Sokoto, Zamfara and WAEC
Kingsley Dike, retired United States Army Intelligence Analyst

Sokoto, Zamfara And WAEC 

2 mins read

This story should concern every Nigerian all over the world. The Almajiri system in Northern Nigeria is and has been producing a generation of disenfranchised young men who have nothing to lose.

One of my unclassified work as an Intelligence Analyst in the United States Army was to answer the question who are the Boko Haram fighters and what was fueling the insurgency in Nigeria? I painted a profile of the Boko Haram fighters and other actors responsible for the breakdown of Nigeria’s security architecture like the Hausa-fulani herdsmen.

A common denominator in Nigeria’s security challenge is the Almajiri phenomenon. The Almajiris are orphans and other abandoned children usually left in the care and tutelage of moslem clerics and imams. But in practice the children are left to take care of themselves through the solicitation of alms and street begging and in most cases even the imams who are supposed to care for them. It is only in Nigeria that you see a sea of young people just roaming the streets and begging for money. Soon they graduate from street begging to street urchins, then to armed robbers , kidnappers, bandits and terrorists. They are the Boko Haram fighters with few hardened global Islamic jihadists from the war in Libya and Chad. The wars in the Sahel, coupled with Nigeria’s no-border policy (porous borders), have meant that as Libya fractured, thousands of escaping moslem terrorists and jihadists found home in Nigeria’s sambiza forests with Boko Haram terrorists. The war in Chad have also long brought this cross-border migration of criminals and social miscreants fueling the security challenge. Many Nigerian villages, towns and cities would wake up to see strange-looking foreigners setting up tents with AK-47 machine guns. Not long, they would start witnessing all kinds of heinous crimes ranging from rape of innocent women and children in the farms, killing of farmers, kidnapping on our roads for ransome, hitherto very strange occurrence in Nigeria’s culture and value system.

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The Almajiris are the Hausa-Fulani herdsmen killing and maiming thousands across the country. Tackling terrorism, bandits and Boko Haram insurgency in Nigeria requires more than the now yearly huge financial and budgetary allocations to Security (so-called security votes) to dedicated pursuit of education for the huge swathe of disenfranchised young people called Almajiris in Northern Nigeria. Unfortunately, northern states like Sokoto and Zamfara and others are not making the effort. Imagine states of the federation who receive monthly federal allocationn not having students graduating from elementary and secondary schools to qualify them to take WAEC examination! Almajiri system is producing young people who have nothing to loose in society. Thus they also have nothing to gain or contribute to the country but to torment their fellow countrymen as they grow up with no life skills to earn a legitimate living.They become the foot soldiers of Boko Haram and the Fulani herdsmen, killing people and causing mayhem across Nigeria. It would take more than the normal politics or our usual unproductive rhetorics to pull Nigeria from the brinks of this security quagmire. It would require new thinking, great courage and determination to shake up the status quo. Who will save Nigeria?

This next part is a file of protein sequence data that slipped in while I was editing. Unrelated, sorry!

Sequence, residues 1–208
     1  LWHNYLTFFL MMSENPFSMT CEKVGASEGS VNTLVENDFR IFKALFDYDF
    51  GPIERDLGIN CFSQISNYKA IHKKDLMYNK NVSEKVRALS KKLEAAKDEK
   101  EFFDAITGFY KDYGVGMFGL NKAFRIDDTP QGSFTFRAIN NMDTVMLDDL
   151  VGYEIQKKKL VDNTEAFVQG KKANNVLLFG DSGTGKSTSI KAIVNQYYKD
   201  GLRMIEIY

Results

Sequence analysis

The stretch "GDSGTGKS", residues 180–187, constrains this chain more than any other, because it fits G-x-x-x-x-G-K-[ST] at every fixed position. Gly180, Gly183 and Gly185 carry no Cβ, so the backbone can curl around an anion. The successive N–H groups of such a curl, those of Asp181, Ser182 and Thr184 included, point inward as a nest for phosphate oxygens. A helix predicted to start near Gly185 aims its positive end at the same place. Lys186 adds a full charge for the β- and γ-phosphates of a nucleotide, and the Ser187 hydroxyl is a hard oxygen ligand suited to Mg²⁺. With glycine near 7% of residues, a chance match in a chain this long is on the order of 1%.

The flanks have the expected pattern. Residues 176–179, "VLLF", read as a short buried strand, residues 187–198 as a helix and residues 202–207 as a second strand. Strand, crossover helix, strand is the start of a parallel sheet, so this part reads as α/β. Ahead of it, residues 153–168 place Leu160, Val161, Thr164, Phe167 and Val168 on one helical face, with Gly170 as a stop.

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Kingsley Dike, a former Foreign Affairs Reporter with The Guardian and retired United States Army Intelligence Analyst wrote from Atlanta, Georgia, USA.

Kingsley Dike
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